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Chain lubricant for long-term storage

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Chain lubricant for long-term storage

Old 07-18-20, 10:00 AM
  #1  
mihlbach
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Chain lubricant for long-term storage

I keep my old road bike and my old mountain bike at my parents house to ride when I visit. They live several states away from me, so I ride these bikes only one or two weeks per year, and mostly they are stored in a dry attic. I don't have any corrosion problems with these bikes other than the chains. I have been using a very thin waxy lube, as these bikes see very low mileage and are used only in nice weather. Every summer when I pull these bikes out, the chains have developed a patina of rust from months of storage thru the winter. I am wondering if a thicker more oily lube is preferable for long term storage and would prevent this problem.
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Old 07-18-20, 10:38 AM
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I used rust cure formula 3000 on an old BMW to stop rust. You would just need a tiny bit and it lasts a long time. Rust check is good too, but thinner. ATF also would work. I would definitely use rust cure 3000 if you can find it as it is not overly oily and solvent free, and it will last for the year. However, make sure to bring a rag back to your parents' house though because dust will stick to all this stuff, but underneath should be a nice, slick chain.

Cheers,

Last edited by brotato; 07-18-20 at 10:42 AM.
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Old 07-18-20, 11:45 AM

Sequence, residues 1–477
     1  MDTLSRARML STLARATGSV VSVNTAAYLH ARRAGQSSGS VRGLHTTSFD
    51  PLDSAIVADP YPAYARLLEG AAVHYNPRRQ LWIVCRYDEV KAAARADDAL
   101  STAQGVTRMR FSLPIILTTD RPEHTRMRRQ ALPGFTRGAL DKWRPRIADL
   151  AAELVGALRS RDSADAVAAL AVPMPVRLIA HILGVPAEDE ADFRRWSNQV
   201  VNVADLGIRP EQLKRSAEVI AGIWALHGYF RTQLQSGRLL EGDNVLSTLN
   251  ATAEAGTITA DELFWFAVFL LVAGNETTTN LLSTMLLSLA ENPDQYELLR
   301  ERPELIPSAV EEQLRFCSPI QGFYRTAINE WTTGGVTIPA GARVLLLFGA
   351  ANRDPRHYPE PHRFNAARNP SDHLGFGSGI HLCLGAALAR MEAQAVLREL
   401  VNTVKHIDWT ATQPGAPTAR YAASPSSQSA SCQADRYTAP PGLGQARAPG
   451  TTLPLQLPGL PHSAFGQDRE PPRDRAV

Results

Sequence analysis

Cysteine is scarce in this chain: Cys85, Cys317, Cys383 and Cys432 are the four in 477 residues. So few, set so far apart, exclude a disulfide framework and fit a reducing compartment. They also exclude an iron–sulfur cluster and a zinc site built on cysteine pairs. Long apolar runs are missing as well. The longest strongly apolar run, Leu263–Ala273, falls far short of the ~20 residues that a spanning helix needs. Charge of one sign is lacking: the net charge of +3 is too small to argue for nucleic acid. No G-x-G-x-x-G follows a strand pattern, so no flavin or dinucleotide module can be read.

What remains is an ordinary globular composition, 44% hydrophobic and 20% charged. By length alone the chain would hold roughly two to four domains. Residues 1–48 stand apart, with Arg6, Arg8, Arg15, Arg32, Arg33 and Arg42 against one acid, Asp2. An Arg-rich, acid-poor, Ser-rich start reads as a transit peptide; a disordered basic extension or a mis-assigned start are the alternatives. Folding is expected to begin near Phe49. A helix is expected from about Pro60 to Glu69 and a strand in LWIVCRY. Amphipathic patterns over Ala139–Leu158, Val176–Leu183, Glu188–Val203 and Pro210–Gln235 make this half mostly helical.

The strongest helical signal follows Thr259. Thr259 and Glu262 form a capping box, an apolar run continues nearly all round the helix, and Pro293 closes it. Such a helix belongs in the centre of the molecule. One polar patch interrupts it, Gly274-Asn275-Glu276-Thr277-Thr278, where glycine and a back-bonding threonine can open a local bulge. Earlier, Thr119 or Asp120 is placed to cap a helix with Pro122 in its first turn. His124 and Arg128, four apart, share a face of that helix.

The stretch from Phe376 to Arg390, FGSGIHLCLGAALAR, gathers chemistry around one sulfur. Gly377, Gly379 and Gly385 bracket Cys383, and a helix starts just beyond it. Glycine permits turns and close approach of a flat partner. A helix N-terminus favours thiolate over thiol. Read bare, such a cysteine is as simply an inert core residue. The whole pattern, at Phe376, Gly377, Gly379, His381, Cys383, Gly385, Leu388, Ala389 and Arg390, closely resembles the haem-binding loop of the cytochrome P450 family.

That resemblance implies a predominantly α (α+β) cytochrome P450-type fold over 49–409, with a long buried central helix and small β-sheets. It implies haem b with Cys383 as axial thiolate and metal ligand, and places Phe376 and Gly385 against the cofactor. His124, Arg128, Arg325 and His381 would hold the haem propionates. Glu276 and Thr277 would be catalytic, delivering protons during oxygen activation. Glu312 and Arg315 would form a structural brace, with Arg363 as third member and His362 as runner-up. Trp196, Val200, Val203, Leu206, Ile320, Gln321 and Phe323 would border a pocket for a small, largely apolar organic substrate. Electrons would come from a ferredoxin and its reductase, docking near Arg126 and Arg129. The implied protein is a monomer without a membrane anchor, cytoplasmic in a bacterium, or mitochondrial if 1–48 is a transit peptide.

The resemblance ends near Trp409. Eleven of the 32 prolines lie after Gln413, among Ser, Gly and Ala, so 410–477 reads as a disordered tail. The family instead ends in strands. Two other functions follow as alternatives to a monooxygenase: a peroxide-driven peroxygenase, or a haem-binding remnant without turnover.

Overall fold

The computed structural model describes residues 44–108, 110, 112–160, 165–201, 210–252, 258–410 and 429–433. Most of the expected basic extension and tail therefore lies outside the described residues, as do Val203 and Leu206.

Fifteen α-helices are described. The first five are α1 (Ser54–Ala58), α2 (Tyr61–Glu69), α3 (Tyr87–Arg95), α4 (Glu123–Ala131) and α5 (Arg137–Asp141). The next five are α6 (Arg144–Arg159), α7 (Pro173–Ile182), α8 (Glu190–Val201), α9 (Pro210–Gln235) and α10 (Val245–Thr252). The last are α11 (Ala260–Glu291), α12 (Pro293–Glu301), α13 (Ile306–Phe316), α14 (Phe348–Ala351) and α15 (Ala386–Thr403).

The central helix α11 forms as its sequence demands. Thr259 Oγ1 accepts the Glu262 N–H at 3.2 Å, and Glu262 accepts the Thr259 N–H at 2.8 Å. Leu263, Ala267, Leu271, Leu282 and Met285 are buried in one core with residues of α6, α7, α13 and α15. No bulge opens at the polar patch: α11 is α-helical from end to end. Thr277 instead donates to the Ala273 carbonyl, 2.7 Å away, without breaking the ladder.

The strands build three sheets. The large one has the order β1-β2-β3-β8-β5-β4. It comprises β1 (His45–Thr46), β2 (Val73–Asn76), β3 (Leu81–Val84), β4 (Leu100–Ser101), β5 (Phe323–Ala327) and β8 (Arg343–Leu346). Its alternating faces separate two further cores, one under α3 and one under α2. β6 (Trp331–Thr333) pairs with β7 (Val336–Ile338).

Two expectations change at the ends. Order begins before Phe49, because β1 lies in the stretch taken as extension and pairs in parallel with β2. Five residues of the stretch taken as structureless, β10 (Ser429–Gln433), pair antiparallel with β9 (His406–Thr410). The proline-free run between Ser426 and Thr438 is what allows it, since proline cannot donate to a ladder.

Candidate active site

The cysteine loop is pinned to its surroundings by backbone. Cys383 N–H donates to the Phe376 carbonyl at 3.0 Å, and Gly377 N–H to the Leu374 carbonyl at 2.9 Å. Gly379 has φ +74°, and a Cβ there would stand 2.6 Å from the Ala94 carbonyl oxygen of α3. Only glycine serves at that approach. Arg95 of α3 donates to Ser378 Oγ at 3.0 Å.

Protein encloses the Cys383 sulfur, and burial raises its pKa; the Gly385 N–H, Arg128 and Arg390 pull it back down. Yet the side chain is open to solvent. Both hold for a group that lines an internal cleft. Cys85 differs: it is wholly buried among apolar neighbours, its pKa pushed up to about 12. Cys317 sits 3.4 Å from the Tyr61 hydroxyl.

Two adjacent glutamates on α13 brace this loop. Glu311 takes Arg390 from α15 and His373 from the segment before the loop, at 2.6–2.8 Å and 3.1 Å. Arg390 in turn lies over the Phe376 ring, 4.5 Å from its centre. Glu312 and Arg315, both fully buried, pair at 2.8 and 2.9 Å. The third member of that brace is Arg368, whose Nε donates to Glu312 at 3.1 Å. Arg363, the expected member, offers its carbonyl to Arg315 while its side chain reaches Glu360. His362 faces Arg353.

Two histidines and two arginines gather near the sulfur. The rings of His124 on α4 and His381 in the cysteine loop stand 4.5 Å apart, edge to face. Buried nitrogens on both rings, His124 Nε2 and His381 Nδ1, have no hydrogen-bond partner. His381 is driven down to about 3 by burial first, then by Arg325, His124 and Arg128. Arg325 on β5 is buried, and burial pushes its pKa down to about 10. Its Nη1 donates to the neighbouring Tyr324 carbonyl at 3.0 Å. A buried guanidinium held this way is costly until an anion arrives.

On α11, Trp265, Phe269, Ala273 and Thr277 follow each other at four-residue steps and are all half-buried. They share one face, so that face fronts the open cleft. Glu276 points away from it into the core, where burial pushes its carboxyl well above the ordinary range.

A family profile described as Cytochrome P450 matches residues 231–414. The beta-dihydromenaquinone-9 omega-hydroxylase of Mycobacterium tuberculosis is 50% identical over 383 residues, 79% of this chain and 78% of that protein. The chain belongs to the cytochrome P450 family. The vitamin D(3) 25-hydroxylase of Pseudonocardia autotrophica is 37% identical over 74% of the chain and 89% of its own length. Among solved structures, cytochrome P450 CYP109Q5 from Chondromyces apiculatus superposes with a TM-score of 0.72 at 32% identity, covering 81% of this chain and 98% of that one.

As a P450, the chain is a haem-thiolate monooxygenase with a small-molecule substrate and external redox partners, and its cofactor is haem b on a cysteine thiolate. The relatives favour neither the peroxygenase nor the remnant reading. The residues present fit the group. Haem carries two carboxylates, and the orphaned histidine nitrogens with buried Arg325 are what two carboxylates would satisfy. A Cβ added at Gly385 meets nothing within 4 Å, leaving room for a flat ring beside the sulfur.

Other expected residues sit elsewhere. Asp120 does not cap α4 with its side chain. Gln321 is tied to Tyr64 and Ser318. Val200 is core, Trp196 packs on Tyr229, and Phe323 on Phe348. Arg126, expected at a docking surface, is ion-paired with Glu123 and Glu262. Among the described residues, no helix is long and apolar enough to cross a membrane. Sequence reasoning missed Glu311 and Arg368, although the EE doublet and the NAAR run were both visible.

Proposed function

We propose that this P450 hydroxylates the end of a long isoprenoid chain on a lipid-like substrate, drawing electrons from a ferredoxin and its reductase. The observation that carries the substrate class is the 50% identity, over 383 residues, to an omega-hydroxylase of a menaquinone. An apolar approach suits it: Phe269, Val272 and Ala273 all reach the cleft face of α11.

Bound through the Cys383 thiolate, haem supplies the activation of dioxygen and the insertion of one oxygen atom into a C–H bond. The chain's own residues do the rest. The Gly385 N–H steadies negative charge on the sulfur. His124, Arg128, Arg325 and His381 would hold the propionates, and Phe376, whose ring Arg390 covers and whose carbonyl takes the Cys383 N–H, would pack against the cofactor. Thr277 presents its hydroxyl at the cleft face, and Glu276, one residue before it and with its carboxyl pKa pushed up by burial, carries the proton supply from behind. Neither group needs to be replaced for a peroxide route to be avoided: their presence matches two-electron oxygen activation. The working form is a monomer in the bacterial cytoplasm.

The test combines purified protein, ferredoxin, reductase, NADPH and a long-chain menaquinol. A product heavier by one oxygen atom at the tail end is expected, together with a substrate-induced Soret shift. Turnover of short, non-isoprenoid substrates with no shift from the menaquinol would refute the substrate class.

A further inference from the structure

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Boeshield T-9 was specifically developed by Boeing Corp. as a metal protectant and lubricant which would protect metal during long-term storage and exposure. https://boeshield.com/
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Old 07-18-20, 12:07 PM
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Type F automatic transmission fluid is my "go to" chain lube. Or. I've also gotten good results from good old 3 in one oil too.

https://www.harborfreight.com/4-oz-m...kaAlLKEALw_wcB
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Old 07-18-20, 01:28 PM
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Or by using a connecting link remove the chain and store in a Zip Lock baggie. Andy
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Old 07-18-20, 06:37 PM
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Boeshield or triflow.
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Old 07-18-20, 10:07 PM
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Birchwood Casey Barricade (formerly Sheath) was very good at rust prevention, especially for such a light spray oil. About 25 years ago I tested a bunch of oils and greases on blued carbon steel, leaving the pieces of metal hanging in the shower where they were steamed and spritzed regularly for a month. The piece sprayed with Sheath fared the best. And it's a polarizing oil, so it spreads to every nook and cranny. No idea whether it's adequate as a chain lube. It was designed to protect firearms and carbon steel.

I've used Boeshield on the Spyderco stainless steel pocket knife I clip inside the waistband of my bicycle shorts and bibs. It works better than WD-40 and other oils I've tried (I haven't used Sheath in years, haven't had a chance to compare with Boeshield T9). After adding electrolytes to my water every ride my sweat is much more corrosive now than it used to be, so even good stainless steel will rust now.